Ace of Seafood Review - Oceanic Warfare

Ace of Seafood

I'm the kind of gamer that actively seeks out weird and unique premises. If a game makes me do a double-take, we're on the right track. That's how I've discovered countless hidden gems on the PS4 and on prior console generations.

When I heard that Ace of Seafood was an action game where fish did battle with laser attacks for dominance of the open sea, I did a double-take. Such a weird and whacky premise certainly piques your curiosity, but is it a good game in practice?

Humans are Gone, The War For The Oceans Begins

The story in Ace of Seafood is only conveyed through cryptic sentences in the loading menus. It's not very in-depth, but it does give you a concept to work with. Essentially, humans have disappeared and the oceans are now populated by a variety of creatures that battle each other with laser-based attacks.

How fish suddenly got the ability to shoot lasers, or where the humans went is never fully explained. The game takes this concept and runs with it. While it would have been interesting to see more of the story behind this concept, doing so would rob it of its hilarity.

It's easier to present the concept and then move on than to try and reason or explain it. The writer in me wants to try and rationalize the disappearance of humanity and the sudden powers of sea life, but Ace of Seafood is the perfect example of a concept that is better left unexplained.

It turns your head and makes you wonder, but ultimately it gets your attention. That's the most important part. It may be ridiculous, but you can't deny that it's enough to make you turn your head.

Conquering the Open Sea With Your Squad

Ace of Seafood opens with a short tutorial that gives you the basics of the game. Once this is complete, the ocean is open to you. The tutorial does a pretty good job of explaining everything, but there are some messages that didn't translate completely from Japanese to English.

This results in some unclear instructions, but some experimentation with the controls and strategies eventually gave me an understanding of the mechanics.

On the surface, it seems like a simple action game, but Ace of Seafood quickly becomes something much more strategic as you continue to play.

You start as a simple fish, and you have a few different attacks that you can switch between on-the-fly. As you approach other creatures, they remain unaggressive towards you until you attack them. With that first volley of laster bursts or homing lasers, the battle begins.

During combat, you can move freely around your target and lock on as well. Switching between manual and homing attacks is key, as some enemies have weaknesses or weak points.

You'll quickly build up a squad of allies to bring with you as you move from reef-to-reef conquering more of the ocean. You can issue simple commands to your squad that change how they behave during battle sequences.

Ace of Seafood

While you start as a single fish, you collect the DNA of others that you destroy and can soon reorganize your squad to include different types of sea life. You can play as them too, offering a variety of different play styles and approaches to combat.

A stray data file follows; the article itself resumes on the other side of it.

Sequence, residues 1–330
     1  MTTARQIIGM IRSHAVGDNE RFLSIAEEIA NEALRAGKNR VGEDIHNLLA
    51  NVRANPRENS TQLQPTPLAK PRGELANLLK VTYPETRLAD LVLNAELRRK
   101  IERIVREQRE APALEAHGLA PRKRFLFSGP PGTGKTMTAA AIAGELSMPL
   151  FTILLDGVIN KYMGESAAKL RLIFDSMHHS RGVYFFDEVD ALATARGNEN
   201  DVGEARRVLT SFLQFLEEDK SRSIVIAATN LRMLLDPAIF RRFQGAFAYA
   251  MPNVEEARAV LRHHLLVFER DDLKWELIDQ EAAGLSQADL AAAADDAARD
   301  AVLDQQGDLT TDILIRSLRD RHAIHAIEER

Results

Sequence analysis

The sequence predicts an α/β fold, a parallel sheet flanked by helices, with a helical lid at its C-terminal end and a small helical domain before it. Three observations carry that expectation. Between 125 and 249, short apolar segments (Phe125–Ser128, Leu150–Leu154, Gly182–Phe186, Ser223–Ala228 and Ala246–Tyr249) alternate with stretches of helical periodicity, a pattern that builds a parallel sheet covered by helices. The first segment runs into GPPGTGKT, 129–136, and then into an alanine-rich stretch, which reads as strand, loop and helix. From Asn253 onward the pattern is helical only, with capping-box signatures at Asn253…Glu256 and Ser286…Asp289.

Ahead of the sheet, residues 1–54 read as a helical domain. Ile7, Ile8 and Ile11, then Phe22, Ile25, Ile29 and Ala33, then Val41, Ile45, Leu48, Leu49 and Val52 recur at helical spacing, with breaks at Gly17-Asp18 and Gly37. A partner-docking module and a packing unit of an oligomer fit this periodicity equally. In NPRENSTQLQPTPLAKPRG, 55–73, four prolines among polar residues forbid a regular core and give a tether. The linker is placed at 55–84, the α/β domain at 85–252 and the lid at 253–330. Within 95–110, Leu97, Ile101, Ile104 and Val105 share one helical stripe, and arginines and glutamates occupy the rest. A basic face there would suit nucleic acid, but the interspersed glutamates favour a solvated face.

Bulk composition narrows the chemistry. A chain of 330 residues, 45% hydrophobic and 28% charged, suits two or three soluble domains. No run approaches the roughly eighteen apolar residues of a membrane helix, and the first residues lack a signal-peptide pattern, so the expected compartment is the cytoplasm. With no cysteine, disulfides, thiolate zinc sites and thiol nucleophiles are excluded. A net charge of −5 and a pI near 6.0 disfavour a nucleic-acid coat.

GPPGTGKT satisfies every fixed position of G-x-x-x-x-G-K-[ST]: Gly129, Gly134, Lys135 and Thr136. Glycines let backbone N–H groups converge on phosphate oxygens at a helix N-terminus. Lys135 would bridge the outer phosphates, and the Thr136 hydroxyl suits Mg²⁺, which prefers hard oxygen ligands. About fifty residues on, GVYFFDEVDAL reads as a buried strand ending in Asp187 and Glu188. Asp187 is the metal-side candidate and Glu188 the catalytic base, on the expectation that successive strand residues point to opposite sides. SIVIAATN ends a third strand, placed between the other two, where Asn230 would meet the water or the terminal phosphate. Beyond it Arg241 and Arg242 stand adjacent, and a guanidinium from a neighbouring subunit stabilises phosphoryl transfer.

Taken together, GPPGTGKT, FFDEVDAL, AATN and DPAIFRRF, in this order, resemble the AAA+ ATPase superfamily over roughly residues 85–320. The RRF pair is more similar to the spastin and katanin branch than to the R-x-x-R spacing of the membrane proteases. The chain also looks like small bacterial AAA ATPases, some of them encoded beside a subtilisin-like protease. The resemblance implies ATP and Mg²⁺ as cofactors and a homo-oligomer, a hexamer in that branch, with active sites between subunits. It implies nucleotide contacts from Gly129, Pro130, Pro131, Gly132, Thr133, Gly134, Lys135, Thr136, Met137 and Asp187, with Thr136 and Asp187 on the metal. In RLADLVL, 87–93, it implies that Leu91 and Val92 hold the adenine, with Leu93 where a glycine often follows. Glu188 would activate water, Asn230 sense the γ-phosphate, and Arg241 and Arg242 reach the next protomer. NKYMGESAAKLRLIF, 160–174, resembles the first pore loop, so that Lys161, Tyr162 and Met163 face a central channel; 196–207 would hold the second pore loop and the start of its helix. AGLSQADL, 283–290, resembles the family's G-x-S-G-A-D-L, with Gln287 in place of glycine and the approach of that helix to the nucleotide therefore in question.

Your food meter will occasionally need to be replenished, but it's not a crucial part of the gameplay. Instead, you'll collect and spend organic material to upgrade and boost the power of yourself and the members of your squad that you take into battle.

It's a cool gameplay loop that continuously provides risk and reward. You never know if the reef you're heading toward is at your above your level, so it could be a complete disaster.

The controls and gameplay feel smooth, but they can feel a little loose at times, particularly during combat. This is especially true when you're playing as a creature that crawls or jumps instead of swims, like a crab.

The camera can be erratic during intense moments, which causes some frustration as it tries to sit behind the character during rapidly changing directions.

I didn't feel like every death was a result of my skills. In some cases, it was the chaotic nature of the camera and controls that lost the battle. That didn't stop me from having fun for the majority of the time, but it does showcase some of the cracks in the presentation.

Shaky Presentation With an Upbeat Soundtrack

Ace of Seafood

Ace of Seafood is not a graphically impressive game. It would look pretty standard on an older system. It has sharp edges and blocky graphics with simple textures.

A more stylized look could have made the presentation stand out and look less jagged, but the frame rate holds strong despite the chaotic nature of the gameplay.

The soundtrack is a standout part of the overall presentation. It's an upbeat and intense tempo with lots of percussion and electronic undertones.

It's energizing and exciting. For this type of game, it is easily the best approach to the music as it perfectly complements the intensity of the gameplay itself.

Even when the tone changes and softer notes appear, the tempo never wavers as the percussion keeps everything moving. When you take it all together into a package, Ace of Seafood is a little rough around the edges, but it's unique and fun nonetheless.

If you want something completely different, weird, and oddly addicting, Ace of Seafood is well worth a shot.

Final Score: 7.0/10

A copy of Ace of Seafood was provided to PS4 Experts for review purposes. Version was tested and reviewed on a PS4 Pro

Article by - Bradley Ramsey
Insert date - 12/19/17

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